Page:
Studies Added to Safety Fitness Rulemaking Cause Questions to be Directed at FMCSA

semi trucks on rural road

A coalition of trade associations is cautioning federal regulators against incorporating data that they deem outdated and irrelevant into the development of a rule designed to assess the viability of trucking companies.

In a collaborative submission to the Federal Motor Carrier Safety Administration (FMCSA), these 11 associations, representing various stakeholders in the trucking industry, argue that six technology-related studies recently integrated into the Safety Fitness Determination (SFD) advance notice of proposed rulemaking (ANPRM) are perplexing within the context of shaping new regulations impacting carrier safety fitness.

“The majority of the documents cited are dated and have no direct relevance to a new SFD, or to the agency’s previous notice of a possible reboot of its Safety Measurement System (SMS),” the group wrote in comments. “Stakeholders do not object to the FMCSA’s consideration of technology to assist carriers in operating more safely and reducing highway fatalities. It is an entirely different question, though, whether unproven AI can be developed in sufficient quantity to create an SFD. … The cost of the new data system, and of massaging enough data to be statistically relevant for over 95% of the regulated carriers that are extremely small and have less than five trucks, is an unsolved problem … for which there is no easy or cheap answer.”

In the ANPRM released the previous year, the FMCSA sought input from the trucking sector on whether it should favorably consider carriers and owner-operators embracing safety technologies, such as crash avoidance systems, when determining safety ratings. The Owner-Operator Independent Drivers Association (OOIDA) opposed this approach, asserting that it would disadvantage small-business carriers, with only larger ones and those capable of affording new technologies benefiting.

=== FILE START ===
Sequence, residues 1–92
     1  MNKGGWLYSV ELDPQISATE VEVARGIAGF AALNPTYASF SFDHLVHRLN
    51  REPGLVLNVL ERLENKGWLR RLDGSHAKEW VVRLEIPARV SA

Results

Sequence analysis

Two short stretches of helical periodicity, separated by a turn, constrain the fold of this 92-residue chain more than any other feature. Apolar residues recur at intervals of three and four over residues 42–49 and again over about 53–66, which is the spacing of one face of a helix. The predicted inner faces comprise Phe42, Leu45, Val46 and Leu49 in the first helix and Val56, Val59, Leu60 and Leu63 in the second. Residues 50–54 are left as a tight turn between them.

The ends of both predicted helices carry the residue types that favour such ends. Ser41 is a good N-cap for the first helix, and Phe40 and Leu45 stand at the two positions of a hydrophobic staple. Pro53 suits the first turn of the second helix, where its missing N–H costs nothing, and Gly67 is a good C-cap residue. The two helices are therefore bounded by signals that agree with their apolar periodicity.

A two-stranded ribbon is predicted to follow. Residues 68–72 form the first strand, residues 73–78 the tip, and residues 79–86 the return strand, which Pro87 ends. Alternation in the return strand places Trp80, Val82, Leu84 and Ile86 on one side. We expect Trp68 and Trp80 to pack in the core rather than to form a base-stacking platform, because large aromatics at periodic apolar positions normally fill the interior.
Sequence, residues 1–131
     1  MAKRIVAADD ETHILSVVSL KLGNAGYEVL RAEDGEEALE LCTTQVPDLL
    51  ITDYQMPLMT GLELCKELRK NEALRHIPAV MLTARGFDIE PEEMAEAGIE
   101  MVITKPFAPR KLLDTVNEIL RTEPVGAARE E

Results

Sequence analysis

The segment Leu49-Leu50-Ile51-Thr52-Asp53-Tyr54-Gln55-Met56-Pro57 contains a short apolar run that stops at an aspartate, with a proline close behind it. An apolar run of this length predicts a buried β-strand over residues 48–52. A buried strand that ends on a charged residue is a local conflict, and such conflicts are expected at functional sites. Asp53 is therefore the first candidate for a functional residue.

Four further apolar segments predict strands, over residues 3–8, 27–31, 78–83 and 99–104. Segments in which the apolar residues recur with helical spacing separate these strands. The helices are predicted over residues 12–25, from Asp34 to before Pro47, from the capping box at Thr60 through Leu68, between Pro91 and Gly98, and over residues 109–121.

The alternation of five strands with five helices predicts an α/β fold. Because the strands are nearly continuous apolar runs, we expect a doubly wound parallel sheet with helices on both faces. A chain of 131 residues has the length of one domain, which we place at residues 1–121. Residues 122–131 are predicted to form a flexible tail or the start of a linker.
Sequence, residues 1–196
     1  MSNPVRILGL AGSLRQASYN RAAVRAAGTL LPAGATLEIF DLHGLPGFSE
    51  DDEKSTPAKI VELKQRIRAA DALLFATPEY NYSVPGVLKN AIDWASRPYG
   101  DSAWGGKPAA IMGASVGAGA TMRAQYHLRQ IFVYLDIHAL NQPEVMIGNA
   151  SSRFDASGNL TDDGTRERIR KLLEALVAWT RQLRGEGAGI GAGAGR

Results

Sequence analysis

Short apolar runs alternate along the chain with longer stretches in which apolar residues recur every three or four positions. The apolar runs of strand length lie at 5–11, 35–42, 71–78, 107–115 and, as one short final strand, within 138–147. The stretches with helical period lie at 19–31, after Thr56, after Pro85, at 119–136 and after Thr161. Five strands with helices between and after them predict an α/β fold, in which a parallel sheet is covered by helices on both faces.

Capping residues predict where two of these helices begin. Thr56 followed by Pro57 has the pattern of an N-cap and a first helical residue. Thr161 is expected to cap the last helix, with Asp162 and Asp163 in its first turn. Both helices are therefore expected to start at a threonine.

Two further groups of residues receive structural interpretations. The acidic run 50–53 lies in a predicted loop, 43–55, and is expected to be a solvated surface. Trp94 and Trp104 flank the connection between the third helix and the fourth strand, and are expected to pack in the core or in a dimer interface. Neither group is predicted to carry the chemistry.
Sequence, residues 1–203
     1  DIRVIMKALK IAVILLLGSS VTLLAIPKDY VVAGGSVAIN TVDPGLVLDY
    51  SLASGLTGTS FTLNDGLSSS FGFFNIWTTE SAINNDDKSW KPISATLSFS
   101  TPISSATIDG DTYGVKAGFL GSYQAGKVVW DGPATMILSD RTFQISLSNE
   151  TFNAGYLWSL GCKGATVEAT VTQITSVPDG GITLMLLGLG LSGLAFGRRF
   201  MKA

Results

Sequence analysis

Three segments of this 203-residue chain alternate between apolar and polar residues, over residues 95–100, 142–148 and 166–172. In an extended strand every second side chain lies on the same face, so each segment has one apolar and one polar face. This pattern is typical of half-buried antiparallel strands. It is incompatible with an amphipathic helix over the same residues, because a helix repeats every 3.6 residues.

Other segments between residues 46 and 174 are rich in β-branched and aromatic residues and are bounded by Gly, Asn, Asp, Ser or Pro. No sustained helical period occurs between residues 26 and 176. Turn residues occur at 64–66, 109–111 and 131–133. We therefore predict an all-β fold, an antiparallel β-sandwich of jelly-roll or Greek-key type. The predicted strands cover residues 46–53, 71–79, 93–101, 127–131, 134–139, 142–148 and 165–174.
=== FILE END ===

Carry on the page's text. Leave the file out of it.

“If these motor carriers are rewarded with better safety ratings, then smaller carriers would likely see their safety rating downgraded without any actual change in their safety performance,” OOIDA said. “Driver training, experience, and safety performance must still be valued over the mere installation of safety technologies.”

OOIDA, aligning with the 11 associations in their joint submission, also expressed reservations about the studies added to the docket, which the agency might rely on for a formal proposed rule. OOIDA cited factors such as a lack of demographic information, limited sample size, and the age of the reports.

“We believe the studies contain various flaws that limit their findings,” OOIDA said. “These reports should not be used as a basis to incorporate the adoption and use of safety technologies into the SFD methodology.”

Contrarily, certain safety groups differ with OOIDA’s stance on integrating technology into potential new rules for determining carrier safety. These groups support the FMCSA’s inclusion of the studies in the docket and commend the agency for its proactive approach. The Institute for Safer Trucking, Road Safe America, and the Safe Operating Speed Alliance praise FMCSA’s consideration of safety technology in SFD.

“When a carrier invests in active and preventative safety technologies like [intelligent speed assistance] and [automatic emergency braking], it underscores their commitment to preventing harm and operating safely,” the groups said. … Encouraging the adoption of such proven technologies, some of which have yet to be required, through SFD recognition would help accelerate their widespread implementation and enhance road safety.”

Additionally, the Alliance for Driver Safety & Security, a coalition known as the Trucking Alliance, including members from large trucking companies, fully endorses the use of crash-avoidance technology in determining carrier safety scores.

“In fact, the Trucking Alliance supports the study of all peer-reviewed research regarding truck safety,” the group said. “This process can help develop a Safety Fitness Determination that more closely addresses the need for safety management in the industry.”



Source: Freightwaves